Page 102 Environmental Crimes Deskbook 2nd Edition
willing to trade a signicantly greater cleanup commitment than could be required by law, in return for
foregoing possible criminal charges against t he entity, foregoing criminal charges against individuals, or
reducing the severity or number of counts led. Accordingly, corporations faced with the inevitability of
cleaning up their pollution may seek a negotiated resolution, based on their willingness to undertake a
comprehensive remediation program.
e prosecutor may be attracted to such a resolution, because it benets the environment directly,
through prompt elimination of contaminants, rather than indirectly through deterrence of potential future
violators. e large dollar amount involved also may generate favorable publicity for the prosecutor’s oce.
e prosecutor does not act with a free hand, however, and may need the concurrence of federal and state
civil regulators on many of the cleanup terms that have critical cost implications.
For the polluter, the principal attraction of a negotiated resolution, besides the possibility of reduced
charges, is the greater exibility that may be aorded in a plea agreement on such vital terms as the level
of cleanup required, the permissible remediation techniques, t he timetable, and post-cleanup obligations.
A plea agreement provides opportunities for substantial cost savings in these areas compared to those that
would be incurred in an adverse judgment entered after trial. Further, with the prosecutor’s cooperation, a
company may be able to struct ure the agreement in a manner that makes some of the out-of-pocket costs
tax deductible. A plea entered into pursuant to Rule 11(c)(1)(c) provides the defendant with the added com-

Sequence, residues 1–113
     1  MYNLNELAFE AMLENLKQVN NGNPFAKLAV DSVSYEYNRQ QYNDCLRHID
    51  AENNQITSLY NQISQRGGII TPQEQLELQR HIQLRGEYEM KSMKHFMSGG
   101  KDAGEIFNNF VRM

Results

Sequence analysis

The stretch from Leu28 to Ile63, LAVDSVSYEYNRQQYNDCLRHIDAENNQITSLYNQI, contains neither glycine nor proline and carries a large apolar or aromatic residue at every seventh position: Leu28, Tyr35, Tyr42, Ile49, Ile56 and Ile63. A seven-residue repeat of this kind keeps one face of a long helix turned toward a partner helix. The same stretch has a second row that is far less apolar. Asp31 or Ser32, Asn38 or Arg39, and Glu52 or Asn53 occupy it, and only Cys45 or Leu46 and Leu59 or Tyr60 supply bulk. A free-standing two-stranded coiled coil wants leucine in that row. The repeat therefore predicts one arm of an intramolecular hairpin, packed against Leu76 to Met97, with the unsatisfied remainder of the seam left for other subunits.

fort that the plea must be accepted as agreed to or, if not accepted, the court must allow the defendant to
withdraw his plea and proceed to trial. In entering into these discussions, the company must rea lize that
all aspects of its environmental performance will be in play, including prior disposals that are not included
in t he contemplated changes, other operations besides those implicated in the criminal complaint, and
discharges to other media in addition to those involved in the criminal violation.
e degree of cooperation demonstrated by the company during the investigative process may aect
signicantly the willingness of the prosecutor to consider a consensual resolution. None of these benets
is likely to be achieved unless the prosecutor is convinced of the company’s good faith and the regulatory
agency has condence in the company’s reliability. Eective environmental criminal counsel therefore,
must understand t he dicult ba lancing act he or she must play in conducting the defense of t he investi-
gation to address all these problems simulta neously. Counsel must organize the defense in a manner that
fully presents the company’s position on the merits, without turning either the prosecutor or the regulator
against it. More so than in most other types of criminal c ases, relations with government prosecutors and
enforcement personnel in environmental cases must not be ca st in an adversaria l, scorched-earth tone, for
fear of precluding later opportunities to turn the discussions toward negotiations over the scope of t he
cleanup and the terms of permits governing future operations. e regulated entity has a long-term, invol-
untary relationship with its regulator that can signicantly aect the future cost of doing business and thus
its ability to compete.
Finally, since settlement must be reached with all federal and state criminal and regu latory agencies,
counsel must eliminate the risk that the cleanup resolution may later be undone by another sovereign entity
with overlapping enforcement authority initiating proceedings on the same issues.3
B. Federal Sentencing Guidelines
In 1984, Congress passed the Sentencing Reform Act in an eort to alleviate sentencing disparity, which
was prevalent in the federal sentencing system. e statute reformed t he sentencing system by: “(1) drop-
ping rehabilitation as one of the goals of punishment; (2) creating the United States Sentencing Commis-
sion and charging it with establishing Sentencing Guidelines; (3) making all federal sentences determinate;
and (4) authorizing appellate review of sentences.”4 In accordance with Act, the U.S. Sentencing Commis-
sion promulgated the U.S. Sentencing Guidelines5 [hereinafter Sentencing Guidelines or Guidelines]. e
3. See Chapter 2, Section G, Parallel Proceedings, supra.
4. L M. S, CRS R C, F S G: B, L A, P O
(June 2007), available at http://www.fas.org/sgp/crs/misc/RL32766.pdf (last visited May 28, 2013).
5. U S S C’, G M (Nov. 2013) [hereinafter S G], available at http://www.
ussc.gov/Guidelines/2013_Guidelines/index.cfm (last visited Feb. 10, 2014)